Silverstein, Amy 1964(?)-
Silverstein, Amy 1964(?)-
Born c. 1964; married; children: one son. Education: New York University Law School, J.D.
Home—NY. E-mail—[email protected]
United Network for Organ Sharing (board member).
Sick Girl, Grove Press (New York, NY), 2007.
Writer and attorney Amy Silverstein thought she had a perfectly normal life until suddenly, when she was just twenty-four years old, she learned that she needed a heart transplant. At the time she was in a new relationship, attending New York University Law School, and achieving in the same way she always had, as a high-stress, type-A personality. When she began to black out and suffer disturbing symptoms such as temporary blindness, the initial diagnosis was low blood pressure caused in part by poor diet and the stress of her daily life. Silverstein had never suffered from any serious illnesses prior to this, so it made sense when her highly regarded New York City physician recommended she increase her salt intake and try to ease her nerves. However, stress and diet were not the issue at all. Instead, Silverstein's heart was about to give out.
Silverstein chronicles her experiences and her survival against the odds in her book Sick Girl. She tells the story of her harrowing wait for a transplant, how she eventually did receive a donor heart from a fifteen-year-old girl, and how the transplant gave her a second chance at life. What she also tells readers, boldly and with no apologies, is that life as a transplant patient is not the same as getting her old life back. Yes, the transplant gave her the chance to do things she might not have otherwise; she finished law school and became an attorney, got married, and is raising a child—though she was forced to adopt as her body would not have survived the physical hardships of pregnancy. However, she is living on borrowed time, having already surpassed her life expectancy as a heart recipient by nearly a decade. In addition, she often feels ill and is still required to take a large amount of medication daily. While this life is far better than the alternative, at least most of the time, Silverstein wants to make it understood that a heart transplant did not simply make her better. That said, she makes a strong plea for people to consider organ donation, reminding readers that if no one had been willing to donate that young woman's heart, Silverstein would most likely be dead.
Sick Girl met with mixed critical response. Some reviewers praised Silverstein for her honest chronicle of her illness, while others, and some readers, criticized her for seeming ungrateful in the wake of her fortuitous second chance at life. Jennifer Reese, writing for Entertainment Weekly, sympathized with Silverstein's experiences, but concluded that "it's impossible to warm to her shrill, self-pitying book." Silverstein herself, when asked in an interview posted on her home page whether she feels grateful for her transplant, responded: "I am tremendously grateful for being alive, for this wonderful donor organ, and for the support of my doctors, family, and friends all these post-transplant years…. what I am not grateful for is having had my health taken away from me when I was just twenty-four years old, and for living every day since then with transplant-related illnesses and struggles that challenge me at every turn. Nor am I thankful that I live every day with the threat of imminent death by my side." Erika Schickel, in a review for the Los Angeles Times Online, remarked: "There is often a disconnect between the high stakes of the story and the ability of its protagonist to translate that experience into a work of literature that will hold and transport readers. Silverstein's prose is at best workmanlike, but her framing is masterful and the raw material is heart-stopping."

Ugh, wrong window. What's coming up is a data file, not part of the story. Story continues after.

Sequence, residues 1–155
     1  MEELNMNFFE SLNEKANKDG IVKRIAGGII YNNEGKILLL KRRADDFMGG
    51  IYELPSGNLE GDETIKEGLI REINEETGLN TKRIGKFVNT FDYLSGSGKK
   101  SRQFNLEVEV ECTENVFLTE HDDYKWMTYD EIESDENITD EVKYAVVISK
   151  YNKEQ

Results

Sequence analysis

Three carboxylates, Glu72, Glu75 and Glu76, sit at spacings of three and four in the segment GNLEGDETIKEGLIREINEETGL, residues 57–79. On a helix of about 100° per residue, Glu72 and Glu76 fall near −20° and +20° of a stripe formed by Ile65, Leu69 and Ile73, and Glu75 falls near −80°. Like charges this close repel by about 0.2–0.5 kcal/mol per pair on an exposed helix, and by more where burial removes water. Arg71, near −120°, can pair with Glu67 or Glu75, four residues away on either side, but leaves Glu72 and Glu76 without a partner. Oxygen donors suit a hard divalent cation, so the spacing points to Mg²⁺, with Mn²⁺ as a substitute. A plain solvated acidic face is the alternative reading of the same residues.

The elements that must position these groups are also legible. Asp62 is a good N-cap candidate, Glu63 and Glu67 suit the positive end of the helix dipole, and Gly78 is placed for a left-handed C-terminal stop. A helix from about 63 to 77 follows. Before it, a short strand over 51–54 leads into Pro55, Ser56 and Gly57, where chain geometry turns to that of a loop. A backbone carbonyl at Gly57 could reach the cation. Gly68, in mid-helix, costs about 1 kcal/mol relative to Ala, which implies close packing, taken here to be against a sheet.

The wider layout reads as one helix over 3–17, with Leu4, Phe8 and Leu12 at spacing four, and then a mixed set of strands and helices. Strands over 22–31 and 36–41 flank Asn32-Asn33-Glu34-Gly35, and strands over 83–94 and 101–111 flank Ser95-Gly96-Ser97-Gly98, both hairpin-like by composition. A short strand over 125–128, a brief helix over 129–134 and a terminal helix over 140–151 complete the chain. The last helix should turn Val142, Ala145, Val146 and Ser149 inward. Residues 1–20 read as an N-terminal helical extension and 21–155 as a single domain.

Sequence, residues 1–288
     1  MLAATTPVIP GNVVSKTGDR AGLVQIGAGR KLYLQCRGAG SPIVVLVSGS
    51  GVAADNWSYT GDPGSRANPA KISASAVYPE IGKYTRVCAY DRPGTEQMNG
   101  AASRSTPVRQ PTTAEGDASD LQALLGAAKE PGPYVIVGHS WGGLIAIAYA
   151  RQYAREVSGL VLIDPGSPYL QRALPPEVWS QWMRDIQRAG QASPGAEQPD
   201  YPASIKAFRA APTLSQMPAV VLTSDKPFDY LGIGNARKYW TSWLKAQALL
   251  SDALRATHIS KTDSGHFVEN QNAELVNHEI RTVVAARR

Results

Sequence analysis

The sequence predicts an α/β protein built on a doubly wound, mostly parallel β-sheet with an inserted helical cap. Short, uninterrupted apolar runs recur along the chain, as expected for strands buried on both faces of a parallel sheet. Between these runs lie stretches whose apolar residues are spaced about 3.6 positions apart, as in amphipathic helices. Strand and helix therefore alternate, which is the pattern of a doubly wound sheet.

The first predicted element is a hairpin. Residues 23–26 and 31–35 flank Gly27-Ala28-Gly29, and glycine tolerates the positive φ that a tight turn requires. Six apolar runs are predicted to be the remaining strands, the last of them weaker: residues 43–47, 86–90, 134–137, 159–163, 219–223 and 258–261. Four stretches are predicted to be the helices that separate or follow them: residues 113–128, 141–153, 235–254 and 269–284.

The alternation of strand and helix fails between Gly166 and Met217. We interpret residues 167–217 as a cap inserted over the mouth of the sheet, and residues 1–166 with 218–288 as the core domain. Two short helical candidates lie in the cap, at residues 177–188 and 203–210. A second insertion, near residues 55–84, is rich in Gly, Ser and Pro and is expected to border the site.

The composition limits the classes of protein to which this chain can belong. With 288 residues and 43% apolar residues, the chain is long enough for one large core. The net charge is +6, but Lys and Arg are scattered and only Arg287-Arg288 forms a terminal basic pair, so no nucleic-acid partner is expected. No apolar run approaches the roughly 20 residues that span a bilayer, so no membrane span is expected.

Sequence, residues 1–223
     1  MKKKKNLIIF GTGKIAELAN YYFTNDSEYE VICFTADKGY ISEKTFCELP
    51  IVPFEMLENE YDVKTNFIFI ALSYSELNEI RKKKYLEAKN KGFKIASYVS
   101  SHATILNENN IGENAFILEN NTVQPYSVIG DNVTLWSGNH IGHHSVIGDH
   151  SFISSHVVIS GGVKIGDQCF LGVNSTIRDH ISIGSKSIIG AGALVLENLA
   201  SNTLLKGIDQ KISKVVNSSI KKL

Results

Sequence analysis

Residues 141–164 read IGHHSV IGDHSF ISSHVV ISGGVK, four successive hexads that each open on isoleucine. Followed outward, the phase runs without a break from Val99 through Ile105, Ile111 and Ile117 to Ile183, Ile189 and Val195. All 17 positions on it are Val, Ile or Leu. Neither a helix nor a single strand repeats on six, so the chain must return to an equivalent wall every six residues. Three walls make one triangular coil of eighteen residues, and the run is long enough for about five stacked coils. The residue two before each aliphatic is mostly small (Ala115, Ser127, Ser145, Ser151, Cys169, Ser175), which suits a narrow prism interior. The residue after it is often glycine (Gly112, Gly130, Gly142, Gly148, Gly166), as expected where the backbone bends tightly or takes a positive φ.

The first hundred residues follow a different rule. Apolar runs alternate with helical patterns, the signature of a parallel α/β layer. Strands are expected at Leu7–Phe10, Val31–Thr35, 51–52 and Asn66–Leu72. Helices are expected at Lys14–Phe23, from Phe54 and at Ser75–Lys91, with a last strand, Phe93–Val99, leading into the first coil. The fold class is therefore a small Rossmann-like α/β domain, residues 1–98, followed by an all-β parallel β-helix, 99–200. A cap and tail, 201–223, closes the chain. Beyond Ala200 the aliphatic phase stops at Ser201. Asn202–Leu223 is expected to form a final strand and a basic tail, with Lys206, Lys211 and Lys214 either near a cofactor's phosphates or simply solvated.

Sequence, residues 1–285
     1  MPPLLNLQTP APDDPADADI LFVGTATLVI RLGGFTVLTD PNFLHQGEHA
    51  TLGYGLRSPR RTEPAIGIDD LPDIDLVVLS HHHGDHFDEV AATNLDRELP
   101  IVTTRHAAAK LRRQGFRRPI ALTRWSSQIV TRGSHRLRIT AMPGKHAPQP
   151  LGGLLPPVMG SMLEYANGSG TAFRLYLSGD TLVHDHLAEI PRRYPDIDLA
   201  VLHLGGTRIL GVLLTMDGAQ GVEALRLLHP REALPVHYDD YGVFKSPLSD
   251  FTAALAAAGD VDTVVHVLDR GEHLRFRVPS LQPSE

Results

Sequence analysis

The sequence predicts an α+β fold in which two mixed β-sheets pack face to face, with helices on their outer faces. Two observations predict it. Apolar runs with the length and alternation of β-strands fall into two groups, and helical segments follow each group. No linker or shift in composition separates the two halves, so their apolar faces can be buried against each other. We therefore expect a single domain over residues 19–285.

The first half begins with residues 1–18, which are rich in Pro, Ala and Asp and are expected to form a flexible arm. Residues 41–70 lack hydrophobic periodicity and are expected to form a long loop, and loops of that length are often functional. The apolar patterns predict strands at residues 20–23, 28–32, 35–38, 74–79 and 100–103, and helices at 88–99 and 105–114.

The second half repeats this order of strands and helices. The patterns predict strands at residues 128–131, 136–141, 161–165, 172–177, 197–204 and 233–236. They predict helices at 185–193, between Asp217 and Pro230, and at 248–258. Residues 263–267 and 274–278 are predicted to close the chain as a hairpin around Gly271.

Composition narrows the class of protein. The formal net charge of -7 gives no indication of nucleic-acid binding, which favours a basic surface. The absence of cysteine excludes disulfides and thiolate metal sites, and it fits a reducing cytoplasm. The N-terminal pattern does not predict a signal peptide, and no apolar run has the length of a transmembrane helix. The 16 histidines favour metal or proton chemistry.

BIOGRAPHICAL AND CRITICAL SOURCES:
Silverstein, Amy, Sick Girl, Grove Press (New York, NY), 2007.
Entertainment Weekly, October 12, 2007, Jennifer Reese, review of Sick Girl, p. 79.
Good Housekeeping, October, 2007, "To Touch Your Heart," p. 241.
Kirkus Reviews, July 1, 2007, review of Sick Girl.
Library Journal, August 1, 2007, Maura Sostack, review of Sick Girl, p. 110.
Publishers Weekly, May 28, 2007, review of Sick Girl, p. 45.
Amy Silverstein Home Page,http://www.amysilverstein.com (March 25, 2008).
U.S. News and World Report Online,http://health.usnews.com/ (October 15, 2007), Avery Comarow, "Comarow on Quality: Amy Silverstein's Reply."